The U.S. Chamber of Commerce reportedly favors allowing employers to continue to seek prior pay information but did not return calls for comment on this article. The Massachusetts High Technology Council, which opposed the successful effort to ban the state's employers from seeking salary history and which denounced the bill in a press release as "duplicative and unworkable" did not return a call for comment.
Prior to the bill's passage into law, the council's executive vice president for public policy and communications Mark Gallagher wrote in a letter to state senators, "Senate Bill 2107 would make it exceedingly difficult and risky for employers to reward any employee, female or male, through commissions and other merit-based or performance-based compensation systems."
"The bill imposes on employers a very high burden of proof to establish that compensation differentials fit within narrow but undefined safe harbors which are open to subjective definition and interpretation. By elevating the level of risk associated with merit-based compensation systems, the law could actually discourage an employer from paying more to a [female] employee who is higher-performing than a male counterpart and vice versa," Gallagher wrote.
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More Due Diligence by Hiring Managers
Such laws can create more work for hiring managers.
Budson pointed out that not being able to ask for prior salary history means that the hiring officer has to have done the "due diligence and homework on what the role is worth to the organization."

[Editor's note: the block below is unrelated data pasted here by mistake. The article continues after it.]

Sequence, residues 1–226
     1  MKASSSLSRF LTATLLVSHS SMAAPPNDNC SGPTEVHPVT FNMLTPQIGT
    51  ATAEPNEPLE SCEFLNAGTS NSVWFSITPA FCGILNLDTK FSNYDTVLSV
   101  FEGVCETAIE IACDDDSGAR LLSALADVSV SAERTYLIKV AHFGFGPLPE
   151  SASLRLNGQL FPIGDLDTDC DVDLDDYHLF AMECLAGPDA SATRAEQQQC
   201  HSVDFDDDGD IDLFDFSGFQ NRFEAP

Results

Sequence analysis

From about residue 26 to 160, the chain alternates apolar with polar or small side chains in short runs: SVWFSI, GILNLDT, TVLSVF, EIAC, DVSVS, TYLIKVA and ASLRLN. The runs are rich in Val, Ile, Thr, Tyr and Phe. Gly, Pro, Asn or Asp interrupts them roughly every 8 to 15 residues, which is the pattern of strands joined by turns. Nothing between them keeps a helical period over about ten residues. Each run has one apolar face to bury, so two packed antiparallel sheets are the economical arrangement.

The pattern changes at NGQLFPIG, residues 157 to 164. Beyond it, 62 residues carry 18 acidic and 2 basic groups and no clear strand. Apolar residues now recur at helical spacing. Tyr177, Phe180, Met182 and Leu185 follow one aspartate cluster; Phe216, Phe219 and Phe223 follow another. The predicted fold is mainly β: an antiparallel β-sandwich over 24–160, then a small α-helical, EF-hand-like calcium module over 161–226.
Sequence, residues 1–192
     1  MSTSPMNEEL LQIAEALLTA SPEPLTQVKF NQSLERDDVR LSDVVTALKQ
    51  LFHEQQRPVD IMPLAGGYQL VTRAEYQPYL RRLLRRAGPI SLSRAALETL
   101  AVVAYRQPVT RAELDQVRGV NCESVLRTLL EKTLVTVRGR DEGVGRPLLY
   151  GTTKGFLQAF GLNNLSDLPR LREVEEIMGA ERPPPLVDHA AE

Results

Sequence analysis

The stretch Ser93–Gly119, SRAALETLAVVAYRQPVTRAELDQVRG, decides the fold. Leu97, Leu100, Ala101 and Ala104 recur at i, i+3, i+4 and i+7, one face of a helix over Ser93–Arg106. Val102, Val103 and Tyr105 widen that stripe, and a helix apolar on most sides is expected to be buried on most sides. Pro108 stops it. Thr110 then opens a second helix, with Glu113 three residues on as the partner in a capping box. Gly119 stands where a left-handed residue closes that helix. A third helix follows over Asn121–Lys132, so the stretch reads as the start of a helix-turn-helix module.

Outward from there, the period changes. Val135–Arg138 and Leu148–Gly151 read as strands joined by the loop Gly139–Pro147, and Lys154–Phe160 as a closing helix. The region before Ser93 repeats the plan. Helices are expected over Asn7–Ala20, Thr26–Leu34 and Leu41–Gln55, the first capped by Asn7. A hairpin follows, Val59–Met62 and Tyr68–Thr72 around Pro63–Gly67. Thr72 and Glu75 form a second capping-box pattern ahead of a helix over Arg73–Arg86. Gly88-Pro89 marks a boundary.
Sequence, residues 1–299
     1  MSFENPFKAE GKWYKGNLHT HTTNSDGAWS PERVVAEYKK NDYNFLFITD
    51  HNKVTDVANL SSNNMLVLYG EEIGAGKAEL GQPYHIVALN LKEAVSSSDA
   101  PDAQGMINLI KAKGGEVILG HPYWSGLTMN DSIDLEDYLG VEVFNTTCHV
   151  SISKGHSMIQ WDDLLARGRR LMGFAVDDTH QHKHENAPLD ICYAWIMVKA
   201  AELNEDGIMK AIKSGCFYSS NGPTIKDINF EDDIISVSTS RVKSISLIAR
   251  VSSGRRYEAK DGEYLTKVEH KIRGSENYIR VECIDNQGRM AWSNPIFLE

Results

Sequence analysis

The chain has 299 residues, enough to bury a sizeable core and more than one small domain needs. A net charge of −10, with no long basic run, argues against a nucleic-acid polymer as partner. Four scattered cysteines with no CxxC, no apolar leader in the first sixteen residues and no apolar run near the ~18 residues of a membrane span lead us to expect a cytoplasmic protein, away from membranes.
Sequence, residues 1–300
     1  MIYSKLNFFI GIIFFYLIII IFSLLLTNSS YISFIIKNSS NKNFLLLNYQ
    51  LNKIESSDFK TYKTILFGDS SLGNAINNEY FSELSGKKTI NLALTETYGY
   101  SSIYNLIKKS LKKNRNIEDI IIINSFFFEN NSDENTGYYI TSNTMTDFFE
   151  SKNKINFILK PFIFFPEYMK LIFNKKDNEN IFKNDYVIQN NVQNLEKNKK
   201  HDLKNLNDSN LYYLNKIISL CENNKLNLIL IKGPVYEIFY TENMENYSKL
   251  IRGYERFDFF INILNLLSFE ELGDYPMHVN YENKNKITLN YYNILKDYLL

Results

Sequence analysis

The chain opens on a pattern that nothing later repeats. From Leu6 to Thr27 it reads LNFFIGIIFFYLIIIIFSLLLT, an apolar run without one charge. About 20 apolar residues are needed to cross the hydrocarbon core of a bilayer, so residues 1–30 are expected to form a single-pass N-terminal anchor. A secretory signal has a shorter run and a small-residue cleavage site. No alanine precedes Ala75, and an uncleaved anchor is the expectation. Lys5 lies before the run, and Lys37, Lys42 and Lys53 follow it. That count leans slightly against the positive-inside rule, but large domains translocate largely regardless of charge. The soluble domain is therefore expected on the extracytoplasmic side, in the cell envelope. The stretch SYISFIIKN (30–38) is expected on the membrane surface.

She said that under the Massachusetts salary history law, which goes into effect in 2018, any business that does an internal audit and finds inequities is presumed to be solving the problem—an affirmative defense if a lawsuit is filed.
New York City's Law
While Massachusetts was the first state to pass a salary history law, New York City was the first municipality to put such a law in place. The law, which became effective on Dec. 4, bans Big Apple agencies from asking job applicants about wages, benefits or other compensation before a job offer with pay information is extended to the applicant.
Mayor Bill de Blasio created the mandate through an executive order.
The same Capitol Hill lawmakers who asked President Obama to take executive action on the matter also have a bill pending on Capitol Hill to prevent all employers, not just federal contractors, from asking about salary history.
Norton introduced the "Pay Equity for All Act" (H.R. 6030), with DeLauro, Nadler and Speier, on Sept. 14. The bill prohibits employers from asking prospective or current employees for their salary history before making a job or salary offer.
A spokesman for Norton said further action on the bill isn't expected this session as Congress will soon adjourn for the holidays. He said Norton will re-introduce the bill during the upcoming congressional session that starts in January.
The spokesman, Benjamin Fritsch, said the National Women's Law Center, the National Partnership for Women & Families and the American Association of University Women support the bill.
Lisa Burden, J.D., is a legal reporter in Baltimore.